Ford Mustang debuts at World’s Fair

The Ford Mustang is officially unveiled by Henry Ford II at the World’s Fair in Flushing Meadows, New York, on April 17, 1964. That same day, the new car also debuted in Ford showrooms across America and almost 22,000 Mustangs were immediately snapped up by buyers. Named for a World War II fighter plane, the Mustang was the first of a type of vehicle that came to be known as a “pony car.” Ford sold more than 400,000 Mustangs within its first year of production, far exceeding sales expectations.

The Mustang was conceived as a “working man’s Thunderbird,” according to Ford. The first models featured a long hood and short rear deck and carried a starting price tag of around $2,300. Ford general manager Lee Iacocca, who became president of the company in October 1964 (and later headed up Chrysler, which he was credited with reviving in the 1980s) was involved in the Mustang’s development and marketing. The car’s launch generated great interest. It was featured on the covers of Newsweek and Time magazines and the night before it went on sale, the Mustang was featured in commercials that ran simultaneously on all three major television networks. One buyer in Texas reportedly slept at a Ford showroom until his check cleared and he could drive his new Mustang home. The same year it debuted, the Mustang appeared on the silver screen in the James Bond movie “Goldfinger.” A green 1968 Mustang 390 GT was famously featured in the 1968 Steve McQueen movie “Bullitt,” in a car chase through the streets of San Francisco. Since then, Mustangs have appeared in hundreds of movies.


https://www.history.com/this-day-in-his ... orlds-fair

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Re: Today in history

#132

Post by RTH10260 » Thu May 02, 2019 2:24 pm

500 years ago - May 2, 1519 - Leonardo da Vinci dies

https://en.wikipedia.org/wiki/Leonardo_da_Vinci

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Re: Today in history

#133

Post by Volkonski » Mon May 06, 2019 10:05 am

Brad Thor

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OTD in 1937, the German airship Hindenburg, the largest dirigible ever built, explodes as it arrives in Lakehurst, New Jersey. 36 people died in the fiery accident that has since become iconic, in part because of the live radio broadcast of the disaster https://www.history.com/this-day-in-his ... new-jersey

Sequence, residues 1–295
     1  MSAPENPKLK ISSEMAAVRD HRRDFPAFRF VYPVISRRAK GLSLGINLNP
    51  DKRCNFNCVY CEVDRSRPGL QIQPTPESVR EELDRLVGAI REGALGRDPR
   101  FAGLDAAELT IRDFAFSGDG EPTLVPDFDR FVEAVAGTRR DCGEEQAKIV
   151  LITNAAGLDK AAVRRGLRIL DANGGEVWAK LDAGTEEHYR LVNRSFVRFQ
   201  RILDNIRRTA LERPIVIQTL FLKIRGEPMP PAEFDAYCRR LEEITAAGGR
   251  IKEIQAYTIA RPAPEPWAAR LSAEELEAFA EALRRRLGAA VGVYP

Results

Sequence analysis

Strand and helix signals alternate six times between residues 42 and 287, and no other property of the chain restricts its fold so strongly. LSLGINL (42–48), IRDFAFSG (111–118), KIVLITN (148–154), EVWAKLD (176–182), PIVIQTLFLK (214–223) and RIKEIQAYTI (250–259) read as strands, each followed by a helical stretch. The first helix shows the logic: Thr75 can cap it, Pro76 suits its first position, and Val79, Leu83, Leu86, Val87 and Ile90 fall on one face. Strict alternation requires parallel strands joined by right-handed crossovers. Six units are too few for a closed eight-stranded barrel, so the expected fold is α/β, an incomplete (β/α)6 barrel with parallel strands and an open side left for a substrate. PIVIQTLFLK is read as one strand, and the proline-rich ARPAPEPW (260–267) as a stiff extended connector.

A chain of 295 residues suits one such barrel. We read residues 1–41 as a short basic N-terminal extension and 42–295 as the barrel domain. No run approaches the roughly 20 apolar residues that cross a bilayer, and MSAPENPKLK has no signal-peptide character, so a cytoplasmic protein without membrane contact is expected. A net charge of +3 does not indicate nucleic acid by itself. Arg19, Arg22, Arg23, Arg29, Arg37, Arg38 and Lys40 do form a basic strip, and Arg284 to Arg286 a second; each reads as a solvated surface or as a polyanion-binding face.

Image“If everyone fought for their own convictions there would be no war.”
― Leo Tolstoy, War and Peace

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Re: Today in history

#134

Post by RTH10260 » Thu May 09, 2019 3:18 pm

a few days behind schedule (like all IT projects ;) )

55 years ago - May 1st, 1964 - a time-sharing system launched with BASIC as programming language
Today in Tech – 1964
By Community Team May 1st, 2019

On this day in 1964 BASIC programming language developers John Kemeny and Thomas Kurtz launched a time-sharing system at Dartmouth College. The Dartmouth Time-Sharing System or DTSS was the first successful large-scale time-sharing system to be implemented. It was the reason the BASIC language was developed, and was originally aimed at providing easy access of computing facilities to all members of the college. It began operations on this day in 1964, and remained in operation until the end of 1999.



https://sourceforge.net/blog/today-tech-may-1/

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Re: Today in history

#135

Post by tek » Thu May 09, 2019 3:52 pm

I actually used DTSS in the 70s when I was in high school.

DTSS ran on computers built by the big name in interactive time-sharing systems back in the day: General Electric.